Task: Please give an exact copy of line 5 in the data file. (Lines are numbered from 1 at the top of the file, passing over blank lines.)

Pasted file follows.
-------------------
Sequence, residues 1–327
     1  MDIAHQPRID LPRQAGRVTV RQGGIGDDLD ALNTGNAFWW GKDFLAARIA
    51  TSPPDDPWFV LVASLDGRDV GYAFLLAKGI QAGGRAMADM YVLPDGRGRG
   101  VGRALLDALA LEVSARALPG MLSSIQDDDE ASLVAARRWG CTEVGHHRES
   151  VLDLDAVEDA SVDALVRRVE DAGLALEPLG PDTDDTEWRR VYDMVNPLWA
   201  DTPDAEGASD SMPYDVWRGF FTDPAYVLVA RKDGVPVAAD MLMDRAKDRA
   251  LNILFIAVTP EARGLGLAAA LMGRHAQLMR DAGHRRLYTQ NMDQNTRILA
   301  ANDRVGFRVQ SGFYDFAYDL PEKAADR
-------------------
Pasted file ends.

   151  VLDLDAVEDA SVDALVRRVE DAGLALEPLG PDTDDTEWRR VYDMVNPLWA